When the police raid Vesuvio looking for a Colombian woman by the name of Luciana Martinez, no one – not even Tuli – is expecting Ava, the Spanish waitress, to end up in handcuffs. Shan, who is close to her, is appalled to learn that she is in the UK on a stolen passport, because it means the stories she’s told him about her life in Spain aren’t true: perhaps half-truths, constructed by substituting Valencia for Cartagena, the Mediterranean for the Caribbean; perhaps complete fabrications. Without them, the history of their relationship falls apart. ‘Who is he to her, after all? What are they to each other, what were they to each other?’
People lie, but their bodies don’t. In The Village, everyone is sick: the TV crew reveal an inmate’s HIV test results live on camera; Ray can’t shake off the effects of drinking the local water; even the chickens pecking outside a nearby hut seem ‘a little peaky’, their feathers sparse and their ‘eyes swollen and prominent’.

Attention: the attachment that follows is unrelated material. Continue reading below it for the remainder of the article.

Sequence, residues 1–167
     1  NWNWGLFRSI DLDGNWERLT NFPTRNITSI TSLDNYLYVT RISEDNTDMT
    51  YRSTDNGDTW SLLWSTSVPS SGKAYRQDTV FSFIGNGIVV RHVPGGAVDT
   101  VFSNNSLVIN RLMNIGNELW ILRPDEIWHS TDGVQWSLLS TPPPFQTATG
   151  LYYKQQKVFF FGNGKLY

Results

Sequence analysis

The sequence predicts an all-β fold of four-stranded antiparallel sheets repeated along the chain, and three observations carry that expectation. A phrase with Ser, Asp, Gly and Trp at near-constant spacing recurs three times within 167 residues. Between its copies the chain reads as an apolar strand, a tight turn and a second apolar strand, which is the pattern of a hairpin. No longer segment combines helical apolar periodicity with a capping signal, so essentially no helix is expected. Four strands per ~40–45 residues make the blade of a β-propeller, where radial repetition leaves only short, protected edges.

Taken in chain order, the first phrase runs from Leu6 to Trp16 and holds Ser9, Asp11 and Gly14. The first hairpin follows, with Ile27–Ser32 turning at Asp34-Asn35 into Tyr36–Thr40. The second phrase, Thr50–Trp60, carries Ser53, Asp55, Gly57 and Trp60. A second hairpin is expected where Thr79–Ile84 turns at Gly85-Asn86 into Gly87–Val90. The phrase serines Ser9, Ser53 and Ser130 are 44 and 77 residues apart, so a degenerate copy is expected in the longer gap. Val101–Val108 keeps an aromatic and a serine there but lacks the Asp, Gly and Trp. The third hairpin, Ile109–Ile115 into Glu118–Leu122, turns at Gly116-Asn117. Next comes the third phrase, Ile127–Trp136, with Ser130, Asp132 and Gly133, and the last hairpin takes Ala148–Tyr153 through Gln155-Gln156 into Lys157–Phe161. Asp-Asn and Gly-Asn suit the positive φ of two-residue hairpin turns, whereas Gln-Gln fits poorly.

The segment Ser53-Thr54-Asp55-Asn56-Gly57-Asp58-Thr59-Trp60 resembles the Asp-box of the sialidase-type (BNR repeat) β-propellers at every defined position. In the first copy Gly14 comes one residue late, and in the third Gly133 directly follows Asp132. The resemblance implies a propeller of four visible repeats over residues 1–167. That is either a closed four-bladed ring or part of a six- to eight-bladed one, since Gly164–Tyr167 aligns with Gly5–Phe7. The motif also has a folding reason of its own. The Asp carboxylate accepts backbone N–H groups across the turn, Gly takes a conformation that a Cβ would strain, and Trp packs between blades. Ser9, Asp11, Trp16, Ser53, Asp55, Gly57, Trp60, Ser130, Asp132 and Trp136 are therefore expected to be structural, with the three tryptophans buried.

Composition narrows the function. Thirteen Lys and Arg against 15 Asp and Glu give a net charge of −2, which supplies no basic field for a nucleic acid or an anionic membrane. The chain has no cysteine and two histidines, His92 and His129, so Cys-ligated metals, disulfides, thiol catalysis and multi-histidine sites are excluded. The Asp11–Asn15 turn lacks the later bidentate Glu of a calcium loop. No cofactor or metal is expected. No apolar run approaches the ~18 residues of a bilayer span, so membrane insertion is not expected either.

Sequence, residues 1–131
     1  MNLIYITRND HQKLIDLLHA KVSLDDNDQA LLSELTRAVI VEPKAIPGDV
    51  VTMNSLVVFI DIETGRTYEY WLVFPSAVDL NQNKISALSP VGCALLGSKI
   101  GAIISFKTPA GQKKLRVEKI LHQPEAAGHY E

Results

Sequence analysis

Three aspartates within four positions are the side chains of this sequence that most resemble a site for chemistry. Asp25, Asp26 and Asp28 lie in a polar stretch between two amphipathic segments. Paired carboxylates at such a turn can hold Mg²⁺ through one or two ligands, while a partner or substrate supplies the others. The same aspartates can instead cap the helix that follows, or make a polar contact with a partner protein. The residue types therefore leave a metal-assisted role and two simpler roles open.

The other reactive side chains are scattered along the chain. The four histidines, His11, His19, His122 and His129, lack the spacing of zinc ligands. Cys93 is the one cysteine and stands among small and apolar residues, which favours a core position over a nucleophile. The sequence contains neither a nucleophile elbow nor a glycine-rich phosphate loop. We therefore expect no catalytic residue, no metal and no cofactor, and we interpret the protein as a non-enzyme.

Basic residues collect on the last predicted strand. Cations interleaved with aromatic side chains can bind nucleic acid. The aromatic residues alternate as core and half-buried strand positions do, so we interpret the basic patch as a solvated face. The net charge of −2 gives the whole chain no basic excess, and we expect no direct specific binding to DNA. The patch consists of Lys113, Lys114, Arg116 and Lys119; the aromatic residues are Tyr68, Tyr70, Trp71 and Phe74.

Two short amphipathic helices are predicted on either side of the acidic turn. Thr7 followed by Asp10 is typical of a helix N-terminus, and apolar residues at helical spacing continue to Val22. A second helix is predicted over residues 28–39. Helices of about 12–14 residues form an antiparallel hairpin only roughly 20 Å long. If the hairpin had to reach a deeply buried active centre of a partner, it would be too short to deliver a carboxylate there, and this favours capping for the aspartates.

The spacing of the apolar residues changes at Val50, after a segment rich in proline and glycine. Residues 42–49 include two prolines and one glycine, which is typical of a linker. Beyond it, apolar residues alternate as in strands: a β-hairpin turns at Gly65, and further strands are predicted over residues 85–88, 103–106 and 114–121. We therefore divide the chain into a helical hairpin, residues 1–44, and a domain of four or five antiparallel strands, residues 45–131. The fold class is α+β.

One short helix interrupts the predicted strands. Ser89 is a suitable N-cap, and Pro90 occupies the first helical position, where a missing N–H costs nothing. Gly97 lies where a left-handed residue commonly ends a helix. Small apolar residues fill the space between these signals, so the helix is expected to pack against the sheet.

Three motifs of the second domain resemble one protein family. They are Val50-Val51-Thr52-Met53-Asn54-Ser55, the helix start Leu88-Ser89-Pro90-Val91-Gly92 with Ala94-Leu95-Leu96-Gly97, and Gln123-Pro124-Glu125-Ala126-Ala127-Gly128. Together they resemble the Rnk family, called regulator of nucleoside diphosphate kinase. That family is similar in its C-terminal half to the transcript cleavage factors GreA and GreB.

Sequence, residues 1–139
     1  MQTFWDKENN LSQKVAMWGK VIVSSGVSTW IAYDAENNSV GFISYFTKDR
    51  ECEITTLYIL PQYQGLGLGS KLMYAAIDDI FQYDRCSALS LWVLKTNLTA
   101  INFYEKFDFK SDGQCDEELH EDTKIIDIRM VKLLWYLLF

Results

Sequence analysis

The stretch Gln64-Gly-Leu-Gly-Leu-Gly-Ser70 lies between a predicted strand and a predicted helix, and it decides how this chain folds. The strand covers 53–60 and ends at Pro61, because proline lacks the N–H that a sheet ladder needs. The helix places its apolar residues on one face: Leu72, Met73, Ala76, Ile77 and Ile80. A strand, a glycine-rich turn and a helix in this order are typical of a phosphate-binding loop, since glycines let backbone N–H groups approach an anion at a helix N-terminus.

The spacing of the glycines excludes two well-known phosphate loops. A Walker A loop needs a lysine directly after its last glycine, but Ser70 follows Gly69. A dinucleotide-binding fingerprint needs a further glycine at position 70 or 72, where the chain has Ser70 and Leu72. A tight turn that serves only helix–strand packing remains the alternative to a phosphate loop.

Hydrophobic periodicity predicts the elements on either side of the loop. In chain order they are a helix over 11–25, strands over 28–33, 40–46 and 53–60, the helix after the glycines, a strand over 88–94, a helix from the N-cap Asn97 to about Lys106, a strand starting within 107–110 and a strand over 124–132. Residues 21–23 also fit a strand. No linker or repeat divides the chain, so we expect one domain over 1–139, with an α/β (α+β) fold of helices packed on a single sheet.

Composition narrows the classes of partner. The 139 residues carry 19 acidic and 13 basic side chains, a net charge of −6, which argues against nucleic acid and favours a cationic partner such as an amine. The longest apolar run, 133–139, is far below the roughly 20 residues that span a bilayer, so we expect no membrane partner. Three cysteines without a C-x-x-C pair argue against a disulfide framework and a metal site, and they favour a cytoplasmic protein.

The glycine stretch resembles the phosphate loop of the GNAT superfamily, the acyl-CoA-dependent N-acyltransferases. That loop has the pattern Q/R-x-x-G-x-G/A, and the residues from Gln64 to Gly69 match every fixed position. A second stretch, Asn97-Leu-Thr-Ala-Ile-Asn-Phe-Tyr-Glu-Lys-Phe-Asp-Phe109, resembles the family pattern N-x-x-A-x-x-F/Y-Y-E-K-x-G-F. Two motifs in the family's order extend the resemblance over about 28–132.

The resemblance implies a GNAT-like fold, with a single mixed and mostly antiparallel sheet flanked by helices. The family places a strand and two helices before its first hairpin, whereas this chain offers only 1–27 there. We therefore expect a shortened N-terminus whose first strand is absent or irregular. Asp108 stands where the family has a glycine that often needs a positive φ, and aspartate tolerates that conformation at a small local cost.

In You People, the connecting motif is blood. The sight of a pooling red stain on the pavement in Archway makes Shan think of blood in other places, and of other people at risk: ‘This is the same sky that he shares with Devaki and Karu.’ (The stain could be wine, but not to Shan, who ‘knows the look of blood on concrete’.) In a different part of London, Nia imagines the hordes of commuters around her as ‘gristly clots of hopes and dreams’. When Shan thinks of his father, it’s the single internet image of his corpse that comes to mind, the body ‘wrapped in a white sheet’, ‘patterned with a haphazard mixture of bloodstain and mud’. It takes the ‘release’ of his own blood in a Cardiff service station, ‘seeping into the white of his shirt’, to get hold of the phone number that will reconnect him to his lost family; and, in turn, the ugly spreading of his blood onto Tuli and Nia, identical ‘dark maroon clots mixed with dirt’ under their fingernails, to draw them together in a new intimacy. ‘It was what she had wanted,’ Nia realises, ‘for them to be united like this.’